last time, but something about this last episode of the first season and its ending struck a cord with me for reasons different than what I was previously shooting for with the series.
And, perhaps, using the word "shooting" is in poor taste concerning the content of the last five minutes of the episode.
I'm sure that there are critics out there who consider the assassination attempt during the final moments of Aaron Sorkin's first season of The West Wing to be in poor taste and baiting, but I actually really like this episode for two reasons:
First, they let you know from the get-go that something big is about to happen thanks to playing the majority of the episode as a flashback that starts after CSI star Jorja Fox, guesting as secret service agent Gina Toscano, spots someone suspicious in a Town Hall crowd. It wasn't just a last minute surprise and I like the hell out of that.
Second, because during said flashback, the White House is subjected to several real and pressing emergency issues that have absolutely nothing to do with the assassination attempt... and that said issues aren't related at all to what had been the main theme of the first season, the quagmire of Washington politics. While the slow, trudging fight against the entrenched power bases on both sides of the aisle is interesting, it was nice to finally have some actual world-relevant events to deal with, even if they were both America-centered.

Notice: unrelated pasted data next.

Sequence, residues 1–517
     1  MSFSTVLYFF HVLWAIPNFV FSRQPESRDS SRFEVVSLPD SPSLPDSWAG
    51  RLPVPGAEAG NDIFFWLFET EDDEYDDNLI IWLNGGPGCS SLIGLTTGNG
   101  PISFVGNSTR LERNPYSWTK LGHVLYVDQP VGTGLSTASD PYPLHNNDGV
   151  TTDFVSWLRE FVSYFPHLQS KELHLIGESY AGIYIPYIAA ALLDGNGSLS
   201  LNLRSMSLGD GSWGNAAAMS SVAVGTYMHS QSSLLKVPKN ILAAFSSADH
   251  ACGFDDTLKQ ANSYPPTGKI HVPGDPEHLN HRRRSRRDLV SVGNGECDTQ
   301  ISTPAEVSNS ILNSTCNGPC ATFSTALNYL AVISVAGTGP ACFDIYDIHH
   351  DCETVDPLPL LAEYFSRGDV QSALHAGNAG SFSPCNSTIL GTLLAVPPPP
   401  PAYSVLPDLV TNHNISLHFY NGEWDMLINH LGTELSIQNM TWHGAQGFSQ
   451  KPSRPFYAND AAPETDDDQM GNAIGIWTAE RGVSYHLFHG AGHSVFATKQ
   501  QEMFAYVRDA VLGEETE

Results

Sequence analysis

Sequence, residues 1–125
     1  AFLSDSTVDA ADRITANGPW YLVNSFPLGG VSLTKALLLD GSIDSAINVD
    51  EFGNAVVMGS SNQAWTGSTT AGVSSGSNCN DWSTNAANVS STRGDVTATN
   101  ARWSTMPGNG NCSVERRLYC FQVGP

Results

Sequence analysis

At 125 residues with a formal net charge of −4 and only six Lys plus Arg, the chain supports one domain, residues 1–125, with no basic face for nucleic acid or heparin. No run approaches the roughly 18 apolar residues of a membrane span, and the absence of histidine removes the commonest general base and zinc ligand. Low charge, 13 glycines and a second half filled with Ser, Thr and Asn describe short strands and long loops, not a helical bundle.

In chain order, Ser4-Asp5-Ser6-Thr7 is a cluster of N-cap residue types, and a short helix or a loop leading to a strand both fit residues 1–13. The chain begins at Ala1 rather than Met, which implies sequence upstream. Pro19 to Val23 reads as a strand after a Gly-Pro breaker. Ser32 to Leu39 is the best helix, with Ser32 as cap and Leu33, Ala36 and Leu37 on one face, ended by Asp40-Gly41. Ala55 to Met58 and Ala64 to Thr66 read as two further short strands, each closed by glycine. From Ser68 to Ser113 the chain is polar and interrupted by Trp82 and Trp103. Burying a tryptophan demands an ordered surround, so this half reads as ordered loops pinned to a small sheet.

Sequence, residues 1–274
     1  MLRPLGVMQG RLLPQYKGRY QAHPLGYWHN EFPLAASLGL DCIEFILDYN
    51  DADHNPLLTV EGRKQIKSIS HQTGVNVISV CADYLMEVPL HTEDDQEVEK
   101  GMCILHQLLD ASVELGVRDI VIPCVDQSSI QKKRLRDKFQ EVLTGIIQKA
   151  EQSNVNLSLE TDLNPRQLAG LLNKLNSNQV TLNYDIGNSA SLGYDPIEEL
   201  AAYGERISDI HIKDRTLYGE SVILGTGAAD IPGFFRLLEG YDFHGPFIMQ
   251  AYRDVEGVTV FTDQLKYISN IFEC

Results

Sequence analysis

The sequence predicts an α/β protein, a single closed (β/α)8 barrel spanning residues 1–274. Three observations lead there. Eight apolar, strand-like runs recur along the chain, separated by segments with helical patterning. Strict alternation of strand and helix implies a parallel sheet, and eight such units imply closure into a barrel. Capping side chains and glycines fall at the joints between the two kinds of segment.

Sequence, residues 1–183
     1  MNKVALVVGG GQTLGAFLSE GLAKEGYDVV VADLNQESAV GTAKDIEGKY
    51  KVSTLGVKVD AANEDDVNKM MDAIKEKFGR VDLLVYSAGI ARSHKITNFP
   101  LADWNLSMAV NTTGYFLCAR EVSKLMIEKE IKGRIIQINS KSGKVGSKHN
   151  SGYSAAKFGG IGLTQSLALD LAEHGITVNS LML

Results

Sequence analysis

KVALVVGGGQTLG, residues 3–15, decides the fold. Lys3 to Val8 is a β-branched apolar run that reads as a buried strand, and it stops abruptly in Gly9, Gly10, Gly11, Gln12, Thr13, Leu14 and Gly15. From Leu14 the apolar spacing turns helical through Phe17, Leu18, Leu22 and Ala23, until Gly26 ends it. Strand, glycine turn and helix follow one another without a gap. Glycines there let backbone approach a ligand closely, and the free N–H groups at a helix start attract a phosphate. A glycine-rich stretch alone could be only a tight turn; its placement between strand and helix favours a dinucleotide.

That said... it's hard to imagine skinheads making an attempt on the motorcade as all that believable, let alone their obvious display of loading the clips of their semi-automatic pistols in full view of their sniping position. Sure, it had only been a few years since Tim McVeigh and company had taken out the Federal Building in OKC, but I just find it so passe to have white supremacists be a viable villain archetype for such a highbrow show (a fact I make with chagrin considering the upswing of such groups with Obama's election in 2008).
I dunno... I guess I was expecting a grander conspiracy than West Virginian skinheads. I could be wrong as my memory of the fallout of the attack has been lost to the ages and it's like I'm watching The West Wing for the first time again, so maybe a conspiracy crops up at some point, but I'll just have to wait and see.
It's hard not to admit to being a Sorkin fanboy. I love the grand majority of his movies and both The West Wing and The Newsroom move me in ways I didn't think television was capable of anymore... at least not when I'm feeling my darkest and most cynical (usually after just having watched a laugh-tracked sitcom).
I wish more television was like this... discussing the key issues of our time on both grand and deeply personal levels... and it's such a shame that many dismiss Sorkin as preachy and elitist.
Until tomorrow, Potatoes~